London Hotel Group

A Message from Lord Pickles and Lord Blunkett, followed by London Hotel Group's best practice article

The ability to listen and learn from one another has always been vital in parliament, in business and in most aspects of daily life. But at this particular moment in time, as national and global events continue to reiterate, it is uncommonly crucial that we forge new channels of communication and reinforce existing ones. The following article from London Hotel Group is an attempt to do just that. We would welcome your thoughts on this or any other Parliamentary Review article.

Blunkett signature Rt Hon The Lord David Blunkett
Pickles signature Rt Hon The Lord Eric Pickles

www.lhg.co.uk

THE PARLIAMENTARY REVIEW
Highlighting best practice
THE PARLIAMENTARY REVIEW
Highlighting best practice
42 | LONDON HOTEL GROUP
Founder and Owner
GauharNawab
Ibis Styles London
Walthamstow hotel
Gauhar Nawab arrived in England from Lucknow in 1961
aged 21, with little more than a strong ambition to make
something of himself and serve society. From modest
beginnings, he went about satisfying market demand wherever
it appeared, beginning by providing guest house services. He
now manages a portfolio of hotels across London. Gauhar tells
The Parliamentary Review
more about the journey he took along
the way.
Inspired by Persian poetry and a penchant for philosophy, I believe that by
exhibiting the qualities of hard work and perseverance, then God the most merciful
will smile on my endeavours. I started in a modest way but was always committed
to providing services that the public needed in a manner acceptable to them: for
me, to serve was to succeed.
I came to study as a barrister, but my grant was stopped due to the Indo-China
war, so I worked first as a factory worker, and then in a bakery for two years, seven
days a week. When I left the bakery, I joined Selfridges as a sales assistant. I also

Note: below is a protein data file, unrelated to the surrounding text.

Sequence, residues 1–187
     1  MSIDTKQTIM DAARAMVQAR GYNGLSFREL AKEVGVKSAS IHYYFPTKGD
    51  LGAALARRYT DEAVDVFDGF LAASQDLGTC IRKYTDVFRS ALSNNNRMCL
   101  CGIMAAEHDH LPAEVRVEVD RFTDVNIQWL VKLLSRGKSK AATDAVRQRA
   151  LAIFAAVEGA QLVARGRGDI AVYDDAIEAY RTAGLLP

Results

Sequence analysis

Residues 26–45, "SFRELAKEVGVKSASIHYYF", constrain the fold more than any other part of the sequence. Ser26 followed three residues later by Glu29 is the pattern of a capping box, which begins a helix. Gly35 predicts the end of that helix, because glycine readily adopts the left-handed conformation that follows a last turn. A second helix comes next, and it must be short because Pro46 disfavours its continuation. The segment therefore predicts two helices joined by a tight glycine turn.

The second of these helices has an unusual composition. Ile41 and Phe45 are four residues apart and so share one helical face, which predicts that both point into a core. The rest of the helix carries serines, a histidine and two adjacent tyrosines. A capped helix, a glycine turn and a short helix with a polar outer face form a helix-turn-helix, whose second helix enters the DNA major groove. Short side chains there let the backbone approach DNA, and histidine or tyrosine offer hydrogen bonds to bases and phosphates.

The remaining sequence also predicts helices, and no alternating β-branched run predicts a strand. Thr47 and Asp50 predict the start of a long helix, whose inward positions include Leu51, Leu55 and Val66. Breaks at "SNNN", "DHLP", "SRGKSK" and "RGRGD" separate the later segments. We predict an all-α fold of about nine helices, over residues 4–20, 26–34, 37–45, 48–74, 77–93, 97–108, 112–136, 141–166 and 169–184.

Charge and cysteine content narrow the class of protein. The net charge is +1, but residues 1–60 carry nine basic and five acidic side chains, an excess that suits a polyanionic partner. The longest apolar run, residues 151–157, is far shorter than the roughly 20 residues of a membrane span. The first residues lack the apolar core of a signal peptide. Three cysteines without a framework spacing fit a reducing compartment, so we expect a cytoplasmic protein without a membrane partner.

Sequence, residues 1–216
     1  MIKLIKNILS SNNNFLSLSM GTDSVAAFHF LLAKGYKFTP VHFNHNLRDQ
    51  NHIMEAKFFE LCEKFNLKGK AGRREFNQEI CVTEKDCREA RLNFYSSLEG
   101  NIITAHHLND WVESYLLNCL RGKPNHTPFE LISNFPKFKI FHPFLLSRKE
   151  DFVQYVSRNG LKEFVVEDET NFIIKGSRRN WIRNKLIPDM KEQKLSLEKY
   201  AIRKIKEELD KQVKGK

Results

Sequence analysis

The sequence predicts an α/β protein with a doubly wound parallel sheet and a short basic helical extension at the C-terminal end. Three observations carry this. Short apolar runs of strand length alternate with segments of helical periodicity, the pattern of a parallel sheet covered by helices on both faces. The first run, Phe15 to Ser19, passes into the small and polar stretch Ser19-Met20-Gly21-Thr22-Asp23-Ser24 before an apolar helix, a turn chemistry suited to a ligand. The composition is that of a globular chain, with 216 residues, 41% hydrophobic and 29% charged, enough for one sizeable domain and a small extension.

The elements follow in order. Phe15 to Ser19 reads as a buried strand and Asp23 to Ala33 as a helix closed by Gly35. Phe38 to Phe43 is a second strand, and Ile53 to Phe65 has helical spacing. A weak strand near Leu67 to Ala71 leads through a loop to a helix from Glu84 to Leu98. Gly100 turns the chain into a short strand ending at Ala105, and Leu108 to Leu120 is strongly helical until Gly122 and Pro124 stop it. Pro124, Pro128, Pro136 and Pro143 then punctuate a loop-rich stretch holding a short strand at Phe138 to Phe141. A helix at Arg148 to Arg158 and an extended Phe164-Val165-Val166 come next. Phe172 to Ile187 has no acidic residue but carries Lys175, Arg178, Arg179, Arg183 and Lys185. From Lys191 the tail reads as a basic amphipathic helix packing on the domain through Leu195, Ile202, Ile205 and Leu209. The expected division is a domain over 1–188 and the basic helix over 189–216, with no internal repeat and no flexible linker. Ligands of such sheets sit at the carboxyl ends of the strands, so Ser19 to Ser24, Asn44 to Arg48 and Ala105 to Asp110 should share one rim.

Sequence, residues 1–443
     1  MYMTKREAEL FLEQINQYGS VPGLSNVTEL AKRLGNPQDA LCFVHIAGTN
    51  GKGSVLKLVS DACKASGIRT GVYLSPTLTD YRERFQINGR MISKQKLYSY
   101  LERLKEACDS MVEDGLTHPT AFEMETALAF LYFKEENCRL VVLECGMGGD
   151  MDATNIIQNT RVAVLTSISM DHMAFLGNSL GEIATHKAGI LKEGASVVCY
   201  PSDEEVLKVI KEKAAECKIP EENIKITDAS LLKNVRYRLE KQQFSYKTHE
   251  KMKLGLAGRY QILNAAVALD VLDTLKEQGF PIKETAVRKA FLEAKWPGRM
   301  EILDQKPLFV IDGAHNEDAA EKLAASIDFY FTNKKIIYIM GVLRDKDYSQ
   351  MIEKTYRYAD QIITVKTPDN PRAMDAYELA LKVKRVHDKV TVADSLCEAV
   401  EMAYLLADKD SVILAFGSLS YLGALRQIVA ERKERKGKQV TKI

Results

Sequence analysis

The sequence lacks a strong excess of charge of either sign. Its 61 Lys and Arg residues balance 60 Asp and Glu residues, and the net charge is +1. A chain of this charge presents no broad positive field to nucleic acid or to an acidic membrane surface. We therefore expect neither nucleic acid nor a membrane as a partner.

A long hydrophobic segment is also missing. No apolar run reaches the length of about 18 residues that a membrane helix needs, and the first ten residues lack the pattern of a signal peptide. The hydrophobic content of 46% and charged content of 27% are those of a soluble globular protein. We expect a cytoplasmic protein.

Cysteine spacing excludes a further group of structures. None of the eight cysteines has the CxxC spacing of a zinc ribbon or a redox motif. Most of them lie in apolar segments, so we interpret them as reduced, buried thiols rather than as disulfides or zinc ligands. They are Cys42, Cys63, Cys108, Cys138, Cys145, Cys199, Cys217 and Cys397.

studied part-time for the Institute of Chartered Shipbrokers’ exams and, having
gained the qualification, joined Distillers as a shipping clerk. I still yearned to have
my own business, so I sold my home, premium bonds and car and bought a small
guest house in Balham, London, for £8,500 – doing everything from the cleaning
to making the beds, preparing breakfast and everything in between, day and night.
This purchase was made in 1969 with the assistance of a banker, whom I had
impressed by my commitment and determination, and I purchased the four
adjoining properties by 1974. Wanting to acquire an additional adjacent property,
FACTS ABOUT
LONDON HOTEL GROUP
»Founder and Owner:
GauharNawab
»Founded in 1969
»Based in London
»Services: London hotel
management
»No. of employees: More than
500
»The business started by selling
a home, a car and premium
bonds
London Hotel Group
43LONDON HOTEL GROUP |
DIGITAL, CULTURE, MEDIA & SPORT
I found that I could not secure finance
unless I convinced the bank that I
was conversant with the building
trade. Consequently, I found a retired
builder who taught me everything.
I purchased 132 Ritherdon Road for
£11,000, converted it into three flats
and sold it for £45,000. My banker
then introduced me personally to
other banks, and with judicious use of
credit cards, I bought two more small
hotels of 16 rooms each on Clapham
Common – Dudley Hotel and Belvedere
Hotel – for £45,000 each. Thereafter,
I bought another adjoining property
and turned the three into a single
65-bedroom hotel. I managed a good
turnover through almost 100-per-cent
occupancy rates and kept going.
Principles of good practice
The principle of expansion for me
has been not to overextend and to
use, wherever possible, free reserves
for financing of new acquisitions,
thereby reducing exposure to loan
finance. The choice of lender has been
critical; I have always looked to find
the best-available rates in the market.
Ensuring consistently high occupancy
rates has been achieved by entering
into partnership with Accor and Best
Western and by building my own sales
team. Word of mouth from satisfied
guests is important in ensuring both
repeat and new business, while our
receptionists are trained to give a
warm welcome to all visitors.
My company, London Hotel Group,
sees itself not just as a successful
private hotel business, with consistent
occupancy rates of over 85 per cent,
but also as part of the communities in
which the hotels are situated. To that
end, we have appointed a community
engagement officer to operate both
across London as a whole and within
individual boroughs. The officer works
with the local authority and community
groups, assessing how we can support
them both in practical terms, by